This module provides a general introduction to studying research and methods, and to preparing for a dissertation. It emphasises key skills such as searching literature, finding existing datasets, referencing, taking notes, reading and presenting a table of numbers, presenting an argument, and criticising an argument. It continues with consideration of generic issues for research, such as the main principles of ethics for applied empirical research, negotiating access to research sites, the role of theory, the philosophical bases for understanding the social world, and synthesising existing research through focus on the findings rather than the conclusions.  

Research Design 

This module introduces students to the concepts and varieties of social science research designs. A key aim is to explain that design is independent of, and so does not entail, methods of data collection and analysis. Our intention is to link the introductory module to the modules on data collection and analysis through consideration of research questions and warranting practices. It is important that students consider from the outset the kinds of research claims and conclusions that they wish to draw from their evidence. The logic of this claim leads back to entail a design. Another key element of the warrant is the sample. The module introduces students to types and methods of sampling, and a range of research designs including experiments, quasi-experiments, design studies, action research, case studies and ethnography. These elements are all linked into an over-arching theme of the full cycle (or spiral) of research activity from knowledge synthesis through development and testing to engineering results into policy or practice.

Social Research Methods 

The module will focus on the different stages of data collection, indicating how various methods of obtaining data can be used to gather both textual and numerical data. The importance of team solutions to larger scale data collection will also be covered. This module introduces students to the principles and practice of data collection, collation and analysis, with a focus on deepening understanding of the rationale for choosing appropriate methods throughout the conduct of a study. Teaching and learning exercises demonstrate the value of research skills in relation to both textual and numeric data. The module develops understanding and experience of different stages of the research process, indicating how various methods of obtaining, managing and analysing data can be used with textual and numerical data (with reference to different methodologies).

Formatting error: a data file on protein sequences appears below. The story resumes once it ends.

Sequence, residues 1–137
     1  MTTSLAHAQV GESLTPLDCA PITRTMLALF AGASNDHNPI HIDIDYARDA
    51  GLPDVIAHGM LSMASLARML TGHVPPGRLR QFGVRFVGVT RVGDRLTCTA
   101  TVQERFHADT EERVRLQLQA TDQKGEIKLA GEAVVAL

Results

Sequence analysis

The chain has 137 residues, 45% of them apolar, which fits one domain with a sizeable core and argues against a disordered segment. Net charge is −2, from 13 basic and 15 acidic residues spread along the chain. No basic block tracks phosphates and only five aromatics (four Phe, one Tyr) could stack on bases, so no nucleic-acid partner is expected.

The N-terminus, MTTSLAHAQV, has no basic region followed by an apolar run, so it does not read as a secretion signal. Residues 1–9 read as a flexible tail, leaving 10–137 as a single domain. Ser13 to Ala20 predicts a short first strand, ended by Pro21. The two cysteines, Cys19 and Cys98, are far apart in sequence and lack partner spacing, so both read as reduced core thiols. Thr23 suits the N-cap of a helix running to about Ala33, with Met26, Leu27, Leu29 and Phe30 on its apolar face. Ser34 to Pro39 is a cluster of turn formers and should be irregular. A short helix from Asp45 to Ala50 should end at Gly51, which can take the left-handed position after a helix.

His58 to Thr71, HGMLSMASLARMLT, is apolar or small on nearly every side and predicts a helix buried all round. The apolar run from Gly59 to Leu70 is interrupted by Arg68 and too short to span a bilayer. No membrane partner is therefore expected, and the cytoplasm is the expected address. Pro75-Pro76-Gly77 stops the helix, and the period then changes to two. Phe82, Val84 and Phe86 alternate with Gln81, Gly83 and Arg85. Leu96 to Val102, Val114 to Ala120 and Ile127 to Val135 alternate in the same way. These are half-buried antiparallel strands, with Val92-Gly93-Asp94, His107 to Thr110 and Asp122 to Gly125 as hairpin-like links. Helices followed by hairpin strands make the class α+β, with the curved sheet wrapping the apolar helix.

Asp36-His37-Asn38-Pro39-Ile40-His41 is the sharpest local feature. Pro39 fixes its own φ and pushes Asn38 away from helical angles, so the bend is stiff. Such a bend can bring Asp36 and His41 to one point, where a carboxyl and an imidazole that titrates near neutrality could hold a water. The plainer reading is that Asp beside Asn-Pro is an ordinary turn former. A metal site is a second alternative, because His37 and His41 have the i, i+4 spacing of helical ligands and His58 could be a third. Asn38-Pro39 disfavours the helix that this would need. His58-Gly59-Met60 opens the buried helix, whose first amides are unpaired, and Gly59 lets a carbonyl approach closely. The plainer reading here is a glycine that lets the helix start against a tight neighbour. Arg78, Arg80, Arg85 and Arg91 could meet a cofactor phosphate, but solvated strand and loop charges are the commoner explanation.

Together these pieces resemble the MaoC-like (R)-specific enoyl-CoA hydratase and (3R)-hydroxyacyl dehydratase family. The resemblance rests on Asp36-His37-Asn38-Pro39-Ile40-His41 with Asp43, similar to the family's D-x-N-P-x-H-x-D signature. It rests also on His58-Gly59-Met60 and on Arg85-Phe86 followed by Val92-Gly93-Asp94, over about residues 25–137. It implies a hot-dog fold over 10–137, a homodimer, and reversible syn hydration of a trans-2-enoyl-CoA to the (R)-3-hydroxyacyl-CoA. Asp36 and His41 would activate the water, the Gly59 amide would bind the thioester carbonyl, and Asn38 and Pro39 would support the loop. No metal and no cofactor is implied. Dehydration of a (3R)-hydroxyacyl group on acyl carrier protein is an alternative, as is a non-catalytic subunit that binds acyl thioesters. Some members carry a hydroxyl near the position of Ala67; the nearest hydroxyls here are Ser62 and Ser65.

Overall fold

You will also choose 20 credits of optional modules. Options available within African Studies may include:

  • African Fiction and its Critics
  • History and Politics of Southern Africa
  • Independent Study
  • Livelihoods and Development in Africa
  • Media and Popular Culture in Africa
  • Slavery and Freedom in Twentieth Century Africa

For further information on these options, please see our African Studies module descriptions.


Please note that the optional modules listed on the website for this programme are intended to be indicative, and the availability of optional modules may vary from year to year. Where a module is no longer available we will let you know as soon as we can and help you to make other choices.

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Fees and funding

We charge an annual tuition fee. Fees for 2017/18 are as follows:

  • Home / EU: £7,650 full-time
  • Overseas: £16,380 full-time

Eligibility for Home/EU or Overseas fees can be verified with Admissions. Learn more about fees for international students.

Tuition fees can either be paid in full or by instalments. Learn more about postgraduate tuition fees and funding.

Scholarships and studentships

Scholarships to cover fees and/or maintenance costs may be available. To discover whether you are eligible for any award across the University, and to start your funding application, please visit the University's Postgraduate Funding Database.

International students can often gain funding through overseas research scholarships, Commonwealth scholarships or their home government.

Entry requirements

MA programmes normally require an upper second-class Honours degree or equivalent with some background in the disciplines to be studied. Applicants with a background in other disciplines, or with less traditional qualifications, may be accepted for the Diploma in African Studies.